|   2 |   PARTITION RANGE ALL|      |
|   3 |    PARTITION LIST ALL|      |
|   4 |     TABLE ACCESS FULL| T    |
-------------------------------------
serial+pwise
-------------------------------------
| Id  | Operation            | Name |
-------------------------------------
|   0 | SELECT STATEMENT     |      |
|   1 |  PARTITION RANGE ALL |      |
|   2 |   PARTITION LIST ALL |      |
|   3 |    HASH UNIQUE       |      |
|   4 |     TABLE ACCESS FULL| T    |
-------------------------------------
parallel
--------------------------------------------------------------------------
| Id  | Operation                | Name     |    TQ  |IN-OUT| PQ Distrib |
--------------------------------------------------------------------------
|   0 | SELECT STATEMENT         |          |        |      |            |
|   1 |  PX COORDINATOR          |          |        |      |            |
|   2 |   PX SEND QC (RANDOM)    | :TQ10001 |  Q1,01 | P->S | QC (RAND)  |
|   3 |    HASH UNIQUE           |          |  Q1,01 | PCWP |            |
|   4 |     PX RECEIVE           |          |  Q1,01 | PCWP |            |
|   5 |      PX SEND HASH        | :TQ10000 |  Q1,00 | P->P | HASH       |
|   6 |       HASH UNIQUE        |          |  Q1,00 | PCWP |            |
|   7 |        PX BLOCK ITERATOR |          |  Q1,00 | PCWC |            |
|   8 |         TABLE ACCESS FULL| T        |  Q1,00 | PCWP |            |
--------------------------------------------------------------------------
parallel+pwise
-------------------------------------------------------------------------
| Id  | Operation               | Name     |    TQ  |IN-OUT| PQ Distrib |
-------------------------------------------------------------------------
|   0 | SELECT STATEMENT        |          |        |      |            |
|   1 |  PX COORDINATOR         |          |        |      |            |
|   2 |   PX SEND QC (RANDOM)   | :TQ10000 |  Q1,00 | P->S | QC (RAND)  |
|   3 |    PX PARTITION LIST ALL|          |  Q1,00 | PCWC |            |
|   4 |     HASH UNIQUE         |          |  Q1,00 | PCWP |            |
|   5 |      TABLE ACCESS FULL  | T        |  Q1,00 | PCWP |            |
-------------------------------------------------------------------------

Partition-wise Windowing Functions (18.1)

The key enhancement of this section is the ability to execute a windowing function as a parallel partition-wise operation. In addition, there are two new hints: USE_PARTITION_WISE_WIF and NO_USE_PARTITION_WISE_WIF. You can use the former to enable the feature in case the query optimizer does not select it, and with the latter, you can do the opposite.

The following examples show, for the query SELECT n1, d1, avg(n2) OVER (PARTITION BY n1, d1) AS average FROM t, serial/parallel execution plans with/without the partition-wise optimization. Notice that the serial execution plan without the optimization is missing because either I did not correctly understand how to use the NO_USE_PARTITION_WISE_WIF hint (as it too often happens, no documentation about it is provided) or it does not work (bug?) for the serial execution plan. In the parallel execution plans, notice the reduction of involved processes and data distribution.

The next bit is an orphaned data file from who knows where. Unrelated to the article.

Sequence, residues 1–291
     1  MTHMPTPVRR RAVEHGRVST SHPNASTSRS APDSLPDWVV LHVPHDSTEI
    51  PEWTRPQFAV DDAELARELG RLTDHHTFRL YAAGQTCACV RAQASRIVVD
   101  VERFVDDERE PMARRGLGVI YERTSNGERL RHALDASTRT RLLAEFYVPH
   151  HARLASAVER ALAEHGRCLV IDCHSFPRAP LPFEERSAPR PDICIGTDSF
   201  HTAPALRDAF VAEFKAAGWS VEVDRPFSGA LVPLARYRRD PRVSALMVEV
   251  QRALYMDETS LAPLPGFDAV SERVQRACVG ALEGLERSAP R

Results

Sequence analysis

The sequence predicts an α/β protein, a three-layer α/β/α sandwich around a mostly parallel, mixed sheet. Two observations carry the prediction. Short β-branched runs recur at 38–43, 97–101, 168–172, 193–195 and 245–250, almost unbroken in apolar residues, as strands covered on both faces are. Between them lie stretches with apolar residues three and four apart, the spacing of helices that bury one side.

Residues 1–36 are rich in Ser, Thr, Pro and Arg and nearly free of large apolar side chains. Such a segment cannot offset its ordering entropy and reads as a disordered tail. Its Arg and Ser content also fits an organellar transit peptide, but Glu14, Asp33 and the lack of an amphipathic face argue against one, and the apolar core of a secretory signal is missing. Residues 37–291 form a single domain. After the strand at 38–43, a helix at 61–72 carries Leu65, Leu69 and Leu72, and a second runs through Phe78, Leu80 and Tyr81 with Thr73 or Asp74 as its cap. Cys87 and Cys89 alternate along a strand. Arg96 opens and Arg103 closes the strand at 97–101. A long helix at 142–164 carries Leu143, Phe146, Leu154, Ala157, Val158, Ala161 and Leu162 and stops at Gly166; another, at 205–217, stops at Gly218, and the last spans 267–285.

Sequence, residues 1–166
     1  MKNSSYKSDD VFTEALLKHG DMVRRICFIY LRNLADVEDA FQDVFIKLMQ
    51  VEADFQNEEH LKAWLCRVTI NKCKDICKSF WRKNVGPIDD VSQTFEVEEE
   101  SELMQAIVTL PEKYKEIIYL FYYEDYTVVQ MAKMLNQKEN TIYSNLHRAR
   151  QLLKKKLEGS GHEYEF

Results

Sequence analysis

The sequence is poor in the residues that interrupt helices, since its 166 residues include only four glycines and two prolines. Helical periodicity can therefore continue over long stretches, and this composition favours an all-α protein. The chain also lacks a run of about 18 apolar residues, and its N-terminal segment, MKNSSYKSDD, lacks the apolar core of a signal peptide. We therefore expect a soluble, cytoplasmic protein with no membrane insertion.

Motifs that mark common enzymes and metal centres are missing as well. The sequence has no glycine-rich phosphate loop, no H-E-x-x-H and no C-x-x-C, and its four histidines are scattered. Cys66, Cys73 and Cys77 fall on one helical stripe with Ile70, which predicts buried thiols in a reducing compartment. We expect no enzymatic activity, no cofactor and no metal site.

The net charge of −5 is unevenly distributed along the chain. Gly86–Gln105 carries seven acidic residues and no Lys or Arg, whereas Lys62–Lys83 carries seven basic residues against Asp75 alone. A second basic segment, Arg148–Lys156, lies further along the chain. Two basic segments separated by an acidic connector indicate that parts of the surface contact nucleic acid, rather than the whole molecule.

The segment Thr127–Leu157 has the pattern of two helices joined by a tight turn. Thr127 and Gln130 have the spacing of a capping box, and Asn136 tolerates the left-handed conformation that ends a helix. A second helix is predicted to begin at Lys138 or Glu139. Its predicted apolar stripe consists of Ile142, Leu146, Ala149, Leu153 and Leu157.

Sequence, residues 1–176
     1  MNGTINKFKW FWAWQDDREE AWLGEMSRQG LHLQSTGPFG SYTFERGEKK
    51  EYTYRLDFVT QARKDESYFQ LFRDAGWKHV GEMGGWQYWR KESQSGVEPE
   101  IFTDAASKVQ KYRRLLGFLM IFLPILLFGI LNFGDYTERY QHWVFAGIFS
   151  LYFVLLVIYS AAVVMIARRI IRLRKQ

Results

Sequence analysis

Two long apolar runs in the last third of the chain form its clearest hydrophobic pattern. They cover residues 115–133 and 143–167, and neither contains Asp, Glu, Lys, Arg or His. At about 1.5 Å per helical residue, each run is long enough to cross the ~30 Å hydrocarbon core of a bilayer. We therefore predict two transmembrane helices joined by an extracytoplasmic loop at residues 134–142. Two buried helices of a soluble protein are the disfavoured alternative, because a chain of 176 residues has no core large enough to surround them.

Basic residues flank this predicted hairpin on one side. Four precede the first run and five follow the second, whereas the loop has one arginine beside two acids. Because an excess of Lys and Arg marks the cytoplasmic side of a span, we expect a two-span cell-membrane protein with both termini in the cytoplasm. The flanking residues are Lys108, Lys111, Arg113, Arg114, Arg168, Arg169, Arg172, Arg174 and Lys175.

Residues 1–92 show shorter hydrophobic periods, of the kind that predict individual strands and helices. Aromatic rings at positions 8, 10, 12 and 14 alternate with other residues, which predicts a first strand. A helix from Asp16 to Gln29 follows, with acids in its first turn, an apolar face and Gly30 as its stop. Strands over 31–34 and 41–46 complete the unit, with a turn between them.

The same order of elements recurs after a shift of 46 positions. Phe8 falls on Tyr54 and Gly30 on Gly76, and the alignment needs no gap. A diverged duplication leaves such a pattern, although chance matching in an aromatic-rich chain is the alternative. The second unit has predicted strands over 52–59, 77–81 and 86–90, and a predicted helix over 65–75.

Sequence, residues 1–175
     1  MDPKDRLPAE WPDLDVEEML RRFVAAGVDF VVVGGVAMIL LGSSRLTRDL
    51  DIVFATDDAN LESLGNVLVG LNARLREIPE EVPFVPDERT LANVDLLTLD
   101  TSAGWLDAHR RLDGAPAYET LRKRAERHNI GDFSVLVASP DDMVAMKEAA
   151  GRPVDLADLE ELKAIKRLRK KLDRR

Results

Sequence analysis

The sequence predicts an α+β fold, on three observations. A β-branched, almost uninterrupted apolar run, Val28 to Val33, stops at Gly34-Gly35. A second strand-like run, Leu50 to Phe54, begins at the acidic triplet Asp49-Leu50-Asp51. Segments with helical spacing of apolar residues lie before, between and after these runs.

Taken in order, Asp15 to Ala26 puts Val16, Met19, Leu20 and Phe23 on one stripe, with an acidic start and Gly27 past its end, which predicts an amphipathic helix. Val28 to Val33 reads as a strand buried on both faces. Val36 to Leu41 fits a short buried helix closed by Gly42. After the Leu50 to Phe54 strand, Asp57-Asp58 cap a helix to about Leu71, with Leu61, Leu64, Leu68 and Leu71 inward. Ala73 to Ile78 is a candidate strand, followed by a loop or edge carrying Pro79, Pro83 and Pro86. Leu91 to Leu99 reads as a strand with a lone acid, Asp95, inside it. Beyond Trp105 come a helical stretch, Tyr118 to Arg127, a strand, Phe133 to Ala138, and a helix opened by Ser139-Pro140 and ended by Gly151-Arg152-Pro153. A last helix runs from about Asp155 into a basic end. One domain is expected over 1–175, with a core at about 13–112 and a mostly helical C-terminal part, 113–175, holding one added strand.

serial+pwise
-------------------------------------
| Id  | Operation            | Name |
-------------------------------------
|   0 | SELECT STATEMENT     |      |
|   1 |  PARTITION RANGE ALL |      |
|   2 |   PARTITION LIST ALL |      |
|   3 |    WINDOW SORT       |      |
|   4 |     TABLE ACCESS FULL| T    |
-------------------------------------
parallel
-------------------------------------------------------------------------
| Id  | Operation               | Name     |    TQ  |IN-OUT| PQ Distrib |
-------------------------------------------------------------------------
|   0 | SELECT STATEMENT        |          |        |      |            |
|   1 |  PX COORDINATOR         |          |        |      |            |
|   2 |   PX SEND QC (RANDOM)   | :TQ10001 |  Q1,01 | P->S | QC (RAND)  |
|   3 |    WINDOW SORT          |          |  Q1,01 | PCWP |            |
|   4 |     PX RECEIVE          |          |  Q1,01 | PCWP |            |
|   5 |      PX SEND HASH       | :TQ10000 |  Q1,00 | P->P | HASH       |
|   6 |       PX BLOCK ITERATOR |          |  Q1,00 | PCWC |            |
|   7 |        TABLE ACCESS FULL| T        |  Q1,00 | PCWP |            |
-------------------------------------------------------------------------
parallel+pwise
-------------------------------------------------------------------------
| Id  | Operation               | Name     |    TQ  |IN-OUT| PQ Distrib |
-------------------------------------------------------------------------
|   0 | SELECT STATEMENT        |          |        |      |            |
|   1 |  PX COORDINATOR         |          |        |      |            |
|   2 |   PX SEND QC (RANDOM)   | :TQ10000 |  Q1,00 | P->S | QC (RAND)  |
|   3 |    PX PARTITION LIST ALL|          |  Q1,00 | PCWC |            |
|   4 |     WINDOW SORT         |          |  Q1,00 | PCWP |            |
|   5 |      TABLE ACCESS FULL  | T        |  Q1,00 | PCWP |            |
-------------------------------------------------------------------------

All in all, those are good features that can not only make some operation faster, but also reduce the number of involved processes in case the database engine uses parallel execution.

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If you run TKPROF without arguments, you get a complete list of its arguments with a short description for each of them (here the output generated by version 18.1.0):

$ tkprof
Usage: tkprof tracefile outputfile [explain= ] [table= ]
              [print= ] [insert= ] [sys= ] [sort= ]
  table=schema.tablename   Use 'schema.tablename' with 'explain=' option.